“Why are we even asking this question?,” was the first question I was asked. The 'Gayle' storm has hit the IPL so much that any comparison to him appears almost sacrilegious.
I was asking myself the same until mid-way into the analysis, but wading through numbers often brings its own surprises and tells you what a hundred glorifying opinion pieces don't. So I chose to take the analysis till the end.
While Gayle opens for RCB, Raina used to come one-down just next door at CSK – so it's not so inappropriate a comparison. Both Gayle and Raina have been phenomenal in the IPL and have been not-so-phenomenal in the international arena. Raina is the highest run-scorer in the eight-year history of the event, while Gayle is third despite having missed the inaugural season and half of another to injury. However, Gayle is way ahead when it comes to average and strike rate at the event.
But averages do not provide the complete picture of consistency, as anyone with a cursory understanding of numbers knows. In that context, it is interesting to note this – Raina's top score in each season contributes on average about 17% to the total runs he made in that season, while Gayle scores on average almost one-fourth (23.3%) of his runs in a single innings of the season. Sometimes, he was just flogging a dead horse.
Hence, we decided to do a more detailed analysis of the players on the following factors:
Consistency – how well they have performed across seasons
How well have they done at home and away (The Chinnaswamy is one of the smaller cricket stadiums)
How do they do when batting first and while chasing ( Raina is known to have starred in legendary chases for CSK, while Gayle is not really known for his chasing)
How have they scored when their team was winning and when it was losing (No body wants to know about lost causes, but the intent was to see if they have consistently led their side to victory)
How do they fare when pitted against the stronger teams and when the big stage comes knocking?
And to wrap it up, are they just batting machines or is there more to them?
While both Gayle and Raina have managed an average of >30 in 5 of the 7 seasons since 2009, Gayle has managed to outscore Raina in 4 of them and each of them by a mile. He has especially been phenomenal in the first three years of joining RCB, averaging an insane 60+, at least in part thanks to the small Chinnaswamy ground. Raina has been more subdued except for that spike in 2010 when he led CSK to their first title, which anyway does not appear like a spike next to that 68 of Gayle's.
(Neutral venues have been excluded)*
Surprisingly, Raina performs better away than at home, but even that is not enough when compared to Gayle's averages across home and away. You would think the Chinnaswamy helped him score at such a high level, but that's only true to a small extent. Every ground seems happy hunting grounds with Gayle.
Even more surprisingly, (at least to some of us) was the fact that Gayle has a higher average when chasing than when batting first. For someone regarded as a reckless run-getter who typically does best when there is no end in sight, Gayle has been a phenomenal chaser averaging slightly higher when chasing. Raina's chasing needs no introduction. Whenever, CSK have needed him the most, he has put his hand up and delivered.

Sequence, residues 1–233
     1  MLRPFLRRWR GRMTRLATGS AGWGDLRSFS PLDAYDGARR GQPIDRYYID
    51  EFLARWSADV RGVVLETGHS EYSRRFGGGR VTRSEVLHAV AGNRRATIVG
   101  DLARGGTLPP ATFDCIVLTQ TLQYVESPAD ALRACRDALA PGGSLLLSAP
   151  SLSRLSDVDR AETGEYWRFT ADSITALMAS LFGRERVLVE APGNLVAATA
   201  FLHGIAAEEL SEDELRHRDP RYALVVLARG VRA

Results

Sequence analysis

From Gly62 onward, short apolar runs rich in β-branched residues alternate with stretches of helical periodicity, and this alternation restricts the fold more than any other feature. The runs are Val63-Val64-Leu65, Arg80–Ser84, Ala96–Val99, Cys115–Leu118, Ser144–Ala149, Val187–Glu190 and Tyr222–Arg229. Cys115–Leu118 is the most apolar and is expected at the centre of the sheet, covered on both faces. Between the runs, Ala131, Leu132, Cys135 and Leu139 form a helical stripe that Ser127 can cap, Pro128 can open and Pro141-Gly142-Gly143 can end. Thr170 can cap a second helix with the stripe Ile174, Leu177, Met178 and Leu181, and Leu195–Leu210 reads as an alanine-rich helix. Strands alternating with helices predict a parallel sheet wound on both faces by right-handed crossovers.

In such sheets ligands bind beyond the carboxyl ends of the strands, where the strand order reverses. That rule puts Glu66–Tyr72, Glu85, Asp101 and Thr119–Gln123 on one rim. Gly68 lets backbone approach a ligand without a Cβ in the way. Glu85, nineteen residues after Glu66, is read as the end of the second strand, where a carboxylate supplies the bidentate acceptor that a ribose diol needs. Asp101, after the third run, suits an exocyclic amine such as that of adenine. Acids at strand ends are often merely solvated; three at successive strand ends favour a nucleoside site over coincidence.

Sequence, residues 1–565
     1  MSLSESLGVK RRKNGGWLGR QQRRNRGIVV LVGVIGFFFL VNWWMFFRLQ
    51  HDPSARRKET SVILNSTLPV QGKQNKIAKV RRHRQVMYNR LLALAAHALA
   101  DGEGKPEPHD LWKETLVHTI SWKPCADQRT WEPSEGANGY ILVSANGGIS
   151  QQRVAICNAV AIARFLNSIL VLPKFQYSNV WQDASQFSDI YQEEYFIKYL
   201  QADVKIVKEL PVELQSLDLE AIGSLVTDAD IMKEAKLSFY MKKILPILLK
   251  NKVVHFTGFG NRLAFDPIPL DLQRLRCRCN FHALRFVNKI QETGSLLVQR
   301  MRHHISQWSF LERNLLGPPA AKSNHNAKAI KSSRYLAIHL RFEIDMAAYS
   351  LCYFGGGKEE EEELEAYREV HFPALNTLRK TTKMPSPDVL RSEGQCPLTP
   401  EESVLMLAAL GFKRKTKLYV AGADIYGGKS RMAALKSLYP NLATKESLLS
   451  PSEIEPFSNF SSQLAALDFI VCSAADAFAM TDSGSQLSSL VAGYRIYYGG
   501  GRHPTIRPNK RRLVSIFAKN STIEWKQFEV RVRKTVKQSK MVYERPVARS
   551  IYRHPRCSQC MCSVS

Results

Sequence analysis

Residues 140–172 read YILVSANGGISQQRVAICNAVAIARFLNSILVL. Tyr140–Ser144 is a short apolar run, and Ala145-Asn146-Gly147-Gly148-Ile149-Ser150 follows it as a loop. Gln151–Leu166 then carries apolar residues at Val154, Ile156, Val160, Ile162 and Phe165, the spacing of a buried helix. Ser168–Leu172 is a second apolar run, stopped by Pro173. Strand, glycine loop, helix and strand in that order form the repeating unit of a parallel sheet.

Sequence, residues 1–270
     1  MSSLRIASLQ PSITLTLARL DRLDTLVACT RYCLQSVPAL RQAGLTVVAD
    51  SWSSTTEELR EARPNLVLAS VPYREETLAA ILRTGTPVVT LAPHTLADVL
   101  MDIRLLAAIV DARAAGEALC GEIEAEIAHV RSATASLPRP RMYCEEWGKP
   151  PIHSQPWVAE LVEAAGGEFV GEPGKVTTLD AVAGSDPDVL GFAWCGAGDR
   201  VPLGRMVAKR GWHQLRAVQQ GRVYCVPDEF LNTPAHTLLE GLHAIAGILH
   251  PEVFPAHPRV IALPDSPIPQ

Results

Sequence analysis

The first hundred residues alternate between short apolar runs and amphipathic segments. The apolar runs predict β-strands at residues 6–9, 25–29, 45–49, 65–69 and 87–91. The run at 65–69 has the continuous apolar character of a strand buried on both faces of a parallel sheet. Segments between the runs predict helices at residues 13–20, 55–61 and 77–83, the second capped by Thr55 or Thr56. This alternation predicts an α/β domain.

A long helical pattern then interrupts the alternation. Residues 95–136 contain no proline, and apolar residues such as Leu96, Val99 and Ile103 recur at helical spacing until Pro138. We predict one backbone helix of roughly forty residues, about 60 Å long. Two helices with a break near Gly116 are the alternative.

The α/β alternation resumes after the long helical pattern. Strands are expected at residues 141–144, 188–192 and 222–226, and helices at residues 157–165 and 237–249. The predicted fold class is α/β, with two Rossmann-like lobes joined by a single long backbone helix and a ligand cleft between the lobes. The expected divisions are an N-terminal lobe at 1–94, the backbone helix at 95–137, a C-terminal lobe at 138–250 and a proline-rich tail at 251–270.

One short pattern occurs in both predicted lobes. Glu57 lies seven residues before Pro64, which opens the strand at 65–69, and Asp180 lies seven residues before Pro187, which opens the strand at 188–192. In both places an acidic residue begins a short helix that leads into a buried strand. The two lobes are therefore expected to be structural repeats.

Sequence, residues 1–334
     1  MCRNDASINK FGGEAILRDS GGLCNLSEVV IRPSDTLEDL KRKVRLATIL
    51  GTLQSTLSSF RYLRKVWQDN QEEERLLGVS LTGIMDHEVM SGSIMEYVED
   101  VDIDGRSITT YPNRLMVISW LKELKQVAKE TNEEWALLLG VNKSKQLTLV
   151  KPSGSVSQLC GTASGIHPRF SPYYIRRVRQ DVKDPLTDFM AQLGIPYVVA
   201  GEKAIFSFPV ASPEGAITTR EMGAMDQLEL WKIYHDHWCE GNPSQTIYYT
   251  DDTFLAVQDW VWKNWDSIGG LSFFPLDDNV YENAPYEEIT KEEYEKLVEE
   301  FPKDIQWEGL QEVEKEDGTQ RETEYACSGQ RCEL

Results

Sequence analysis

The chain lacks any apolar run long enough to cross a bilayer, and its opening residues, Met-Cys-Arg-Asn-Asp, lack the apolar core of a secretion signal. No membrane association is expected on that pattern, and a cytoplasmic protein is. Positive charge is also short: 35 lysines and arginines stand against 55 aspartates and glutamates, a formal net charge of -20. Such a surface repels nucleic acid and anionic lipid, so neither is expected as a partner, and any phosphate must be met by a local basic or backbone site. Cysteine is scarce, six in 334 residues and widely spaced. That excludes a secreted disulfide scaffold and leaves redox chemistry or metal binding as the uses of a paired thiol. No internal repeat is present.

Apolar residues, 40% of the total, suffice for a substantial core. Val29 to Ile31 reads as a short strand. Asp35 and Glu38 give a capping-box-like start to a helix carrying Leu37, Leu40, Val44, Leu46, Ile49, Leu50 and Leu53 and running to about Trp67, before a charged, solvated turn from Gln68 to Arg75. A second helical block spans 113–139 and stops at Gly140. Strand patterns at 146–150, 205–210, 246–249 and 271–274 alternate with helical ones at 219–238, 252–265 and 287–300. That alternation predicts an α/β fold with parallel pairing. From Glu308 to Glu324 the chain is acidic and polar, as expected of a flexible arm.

When Gayle scores big, he goes really big. And when that happens, RCB almost always win. That comes through in the averages as Gayle comes in at 73.1. But he drops to just above Raina's average when the team has lost. That also reflects, in no small part, on RCB's batting depth or the lack of it beyond three.
The final measure in batting was how they both play when pitted against quality opposition. That is where Raina finally shows signs of coming through. While Gayle has been good when he has been good (in 2011 and 2012), Raina has been much more consistent against the big guns – he averages more than Gayle in 4 of the 7 seasons – again that 2010 season where he led CSK to the title has been his magnum opus.
Raina once again scores over Gayle when it comes to the big stage. The averages almost reverse between the two at this stage – Raina reaches the mid-forties, while Gayle drops to the low thirties. And a player's biggest test is whethere he plays when it matters most and leads the team to a title. Raina did that with aplomb and has been part of a CSK squad that has reached the final in 6 of the 8 editions so far, and won it in 2010 and 2011 along with a Champions league title in 2010. In the IPL 2011 when both players faced off for the first time in CSK and RCB colors, Raina top-scored with a 73 not-out chasing a 175 against RCB in the first qualifier, of which Gayle contributed 8 runs - off 9 balls. In the final, Raina did not have much to do for once as the opening pair knocked off 159! Chasing 205, Gayle was out for a duck.
In addition, Raina's contributions on the field outweigh Gayle by a mile. While not much separates the two in wickets, Raina does bowl a tight spell for the T20 format. More importantly, he takes as many as four times the catches Gayle has recorded, not few of them turning points in matches and some of them breath-taking beauties.
As expected, Gayle does turn out to be the better batsman of the two. He has the higher average and higher strike rate both at home and away, while batting first and while chasing. But Raina holds his own when the big boys come to town and when the big stage beckons. In addition, he contributes without the bat and that too by a mile – he takes incredible catches and has conjured run-outs out of nowhere in many a match for CSK at crucial junctures. However, Raina has been lucky to have been part of a CSK squad that has seen no parallel so far in the IPL, while RCB has been a team of three, and at the best of time, four. In summary,
Better IPL batsman – Chris Gayle
Better IPL player - Tie